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  • Michele Thomas

Purple Heart Day

August 7th

First, let me admit that I did not know about Purple Heart Day. And second, I am ashamed that I did not know about it. As I researched and delved deeper, I felt that it was only fitting to write about it.

In case you don’t know, the purple heart is the United State military medal for “Being wounded or killed in any action against an enemy of the United States or as a result of an act of any such enemy or opposing armed forces”.

Although its original name was created by George Washington as the “Badge of Military Merit”, the name Purple Heart is more fitting. It signifies the sacrifice of the person being nominated to receive it. The actual Purple Heart Day was recently established in 2014. I found this interesting and it led me to research even deeper. I wanted to know What states actually observe this day? Who established it? Why is it not more widely known? How many purple hearts have been given out?

My thirst for knowledge led me down a rabbit hole that left me, at best, sad. Not that there was so much information but, disheartened at the information I did find. There have been an estimated 1.8 million Purple Hearts bestowed on recipients. Out of that number only 500 have been women and 88 have been people of color. These Purple Hearts were given out since its ‘re-establishment in 1932 (World War II era for anyone who is not good at timelines).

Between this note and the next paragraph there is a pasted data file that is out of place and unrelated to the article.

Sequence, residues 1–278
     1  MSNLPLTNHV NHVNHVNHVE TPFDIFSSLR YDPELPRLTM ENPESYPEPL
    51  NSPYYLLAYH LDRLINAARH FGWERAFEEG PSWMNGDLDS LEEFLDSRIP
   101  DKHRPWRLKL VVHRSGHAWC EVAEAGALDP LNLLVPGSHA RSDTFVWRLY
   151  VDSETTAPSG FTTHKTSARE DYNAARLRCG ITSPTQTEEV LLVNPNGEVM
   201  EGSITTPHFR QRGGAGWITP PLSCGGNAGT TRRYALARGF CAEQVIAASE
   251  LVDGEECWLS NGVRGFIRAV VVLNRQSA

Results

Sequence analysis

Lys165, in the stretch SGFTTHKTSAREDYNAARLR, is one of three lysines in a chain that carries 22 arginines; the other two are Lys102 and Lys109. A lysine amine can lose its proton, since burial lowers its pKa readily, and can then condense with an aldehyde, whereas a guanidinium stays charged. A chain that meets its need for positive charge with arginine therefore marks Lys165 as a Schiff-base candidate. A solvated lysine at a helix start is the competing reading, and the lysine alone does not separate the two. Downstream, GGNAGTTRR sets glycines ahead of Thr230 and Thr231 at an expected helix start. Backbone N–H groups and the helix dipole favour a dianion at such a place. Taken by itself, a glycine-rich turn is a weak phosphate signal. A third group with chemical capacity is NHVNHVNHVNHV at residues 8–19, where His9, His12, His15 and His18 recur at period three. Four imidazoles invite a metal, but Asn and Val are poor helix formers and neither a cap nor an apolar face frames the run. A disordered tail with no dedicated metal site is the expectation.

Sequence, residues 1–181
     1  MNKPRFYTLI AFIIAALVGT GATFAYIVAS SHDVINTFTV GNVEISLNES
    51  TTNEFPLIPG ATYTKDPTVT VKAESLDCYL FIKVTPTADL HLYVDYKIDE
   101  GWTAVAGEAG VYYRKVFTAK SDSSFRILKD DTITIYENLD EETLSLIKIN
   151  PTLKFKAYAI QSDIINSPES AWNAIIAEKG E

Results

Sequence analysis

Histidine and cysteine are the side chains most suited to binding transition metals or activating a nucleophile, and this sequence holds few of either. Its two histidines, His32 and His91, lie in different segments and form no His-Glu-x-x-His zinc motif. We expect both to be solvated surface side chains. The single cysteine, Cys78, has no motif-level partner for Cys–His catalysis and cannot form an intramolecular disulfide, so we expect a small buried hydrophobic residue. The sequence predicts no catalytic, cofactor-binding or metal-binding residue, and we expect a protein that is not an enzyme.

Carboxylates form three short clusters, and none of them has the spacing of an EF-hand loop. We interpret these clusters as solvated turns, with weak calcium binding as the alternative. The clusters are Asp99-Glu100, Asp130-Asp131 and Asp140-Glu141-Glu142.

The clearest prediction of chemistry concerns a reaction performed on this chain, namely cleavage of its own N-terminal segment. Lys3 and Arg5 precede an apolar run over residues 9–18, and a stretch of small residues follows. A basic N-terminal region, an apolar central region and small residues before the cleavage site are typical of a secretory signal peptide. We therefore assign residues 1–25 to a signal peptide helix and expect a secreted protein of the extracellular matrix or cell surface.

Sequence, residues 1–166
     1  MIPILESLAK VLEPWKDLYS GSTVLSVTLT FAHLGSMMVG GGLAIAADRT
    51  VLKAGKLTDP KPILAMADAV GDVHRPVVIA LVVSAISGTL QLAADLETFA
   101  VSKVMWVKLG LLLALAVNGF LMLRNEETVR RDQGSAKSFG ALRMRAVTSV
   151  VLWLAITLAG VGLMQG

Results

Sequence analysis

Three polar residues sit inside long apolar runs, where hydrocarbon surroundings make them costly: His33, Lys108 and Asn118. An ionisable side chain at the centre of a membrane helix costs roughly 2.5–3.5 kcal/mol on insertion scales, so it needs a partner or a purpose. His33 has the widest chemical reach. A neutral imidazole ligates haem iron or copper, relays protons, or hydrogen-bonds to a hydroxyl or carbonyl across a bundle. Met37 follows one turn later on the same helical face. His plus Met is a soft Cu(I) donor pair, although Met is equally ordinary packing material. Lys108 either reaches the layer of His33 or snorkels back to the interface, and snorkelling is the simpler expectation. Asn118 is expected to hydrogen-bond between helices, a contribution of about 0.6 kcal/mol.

The first African American to receive the Purple Heart was Army Sgt. William H. Carney. “…who earned the honor for protecting one of the United States’ greatest symbols during the Civil War – The American Flag” (defence.gov).

The first woman to receive a Purple heart was Cordelia “Betty” Cook. “Cordelia “Betty” Cook was the first woman to receive both the Purple Heart and the Bronze Star. In 1943, Cook, who served as a combat nurse during World War II, sustained shrapnel wounds while working at a field hospital on the Italian front. Despite her injuries, Cook continued to work and was later commended with both awards for her heroic actions”. (USO)

My desire to do further research disappeared after I read that there have been 1.8 million Purple Hearts given out but only 500 have been women and 88 have been black. Yes, I am repeating myself; primarily because I am a woman and I identify as a person of color. My heart broke a little as I tried to comprehend such small numbers compared with such a huge number awarded. I mean seriously? My mind whirled and I sat here for a bit.

However, as I continued to dwell, I stopped myself. I took a deep breath and said an internal “thank you”. A thank you to the people who deserved a Purple Heart but did not get one because of their sex or color of their skin. BUT I also said a thank you to those who did receive the Purple Heart. Regardless of sex, race, origin people willingly put themselves in harm’s way so I could sit here and write this.

In my opinion, It should be recognized, because quite frankly our military does not receive enough recognition for the work they do.

And just in case you were wondering as I totally was, more recent and famous recipients include: John F. Kennedy (only President to receive this award), Colin Powell, and John McCain to name a few.

Heroes come in every color, sex, and origin. Thank you for your service and sacrifice and thank you to your families who served with you.


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